Director Robert Weide (TV's "Curb Your Enthusiasm") and first-time screenwriter Peter Straughan are not totally critical of the milieu they work within. When Sidney meets aging, all-but-forgotten actress Rachel Petkoff (Diana Kent) at a party and asks her for her autograph after prattling off all the movies and television he has loved her in over the years, her reaction is treated with an empathetic eye. Sidney has his moments such as this one, but he also suffers from foot-in-mouth disease, the censor to what comes out of his mouth turned off most of the time. It is this character trait that makes Sidney's actions very funny at the onsetmeeting Thandie Newton for the first time and posing as a producer, he offers her a role in "Tits of Fury"but also off-putting from a human relations standpoint.
Nonetheless, Sidney grows as the movie goes on, his flaws serving to uncover an admirable valiance. He is unapologetic in the things he believes in, and also encouraging and respectful to other people's dreams. It is because of this that Sidney starts to grow on Alison, her disdain for him turning to fondness as they spend more time together. The romantic subplot between these two is blessedly low-key, affecting, and sweet. For two characters who start off mixing about as well as oil and water, it is easy to see why Alison's view starts to change the more she gets to know about him. In return, Sidney is supportive of Alison's desire to be a novelist, a dream that has become a pipe dream in her eyes as she has allowed herself to be swallowed up by a job she has no passion in. A subplot involving Alison's oafish boyfriend, much-older editor Lawrence Maddox (Danny Huston), could have been done withoutit's a given that he's not right for herbut it fortunately works itself out in an expedient fashion and only poses a brief threat to Sidney's feelings for her.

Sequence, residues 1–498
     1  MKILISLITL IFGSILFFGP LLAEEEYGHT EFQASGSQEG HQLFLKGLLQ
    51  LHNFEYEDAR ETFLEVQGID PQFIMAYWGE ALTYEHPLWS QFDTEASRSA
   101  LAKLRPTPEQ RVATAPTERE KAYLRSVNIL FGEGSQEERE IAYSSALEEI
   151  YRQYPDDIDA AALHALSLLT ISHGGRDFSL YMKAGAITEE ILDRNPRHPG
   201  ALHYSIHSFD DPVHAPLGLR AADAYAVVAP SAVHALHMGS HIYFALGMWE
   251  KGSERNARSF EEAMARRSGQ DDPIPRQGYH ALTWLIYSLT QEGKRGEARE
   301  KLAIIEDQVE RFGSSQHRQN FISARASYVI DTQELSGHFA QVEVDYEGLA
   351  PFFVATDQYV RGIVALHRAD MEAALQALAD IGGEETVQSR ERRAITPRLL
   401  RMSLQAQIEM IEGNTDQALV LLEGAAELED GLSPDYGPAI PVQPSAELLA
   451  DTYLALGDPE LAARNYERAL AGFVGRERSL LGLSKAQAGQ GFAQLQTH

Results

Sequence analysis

Coming off two star-making roles with director Edgar Wright (2004's "Shaun of the Dead
" and 2007's "Hot Fuzz
") and one less-esteemed followup without Wright (2008's "Run Fatboy Run
"), Simon Pegg has now graduated to full-blown leading man status. Pegg is terrific as Sidney Young, getting big laughs early on with his stubborn, tell-it-like-it-is demeanor, and then developing nicely as a good-hearted, three-dimensional person. As Alison, Kirsten Dunst (2007's "Spider-Man 3
") is radiant as usual, a game comic foil for Pegg and an ideal love interest with a story arc of her own. Dunst is especially astute in playing Alison's turmoil over where she has ended up in her life, a personal conflict that rings true. Supporting Pegg and Dunst are Jeff Bridges (2008's "Iron Man
") as magazine bigwig Clayton Harding, who sees glimmers of his younger self in Sidney, and Megan Fox (2007's "Transformers
"), doing an eerily dead-on, slow-drawled impression of Anna Nicole Smith as sexy actress Sophie Maes.
"How to Lose Friends & Alienate People" offers numerous tips on how to avoid just that. For one, don't cough up food on the back of a deceased magazine CEO's daughter, and two, definitely don't hide the body when you've accidentally killed a celebrity's beloved pooch. Silliness aside, "How to Lose Friends & Alienate People" is a smart, keen-eyed slice-of-life in addition to being a warmly realized love story. For viewers who can get past the turn-off of a title, they will find a film as entertaining and easy to like as it is shrewd about its subject matter.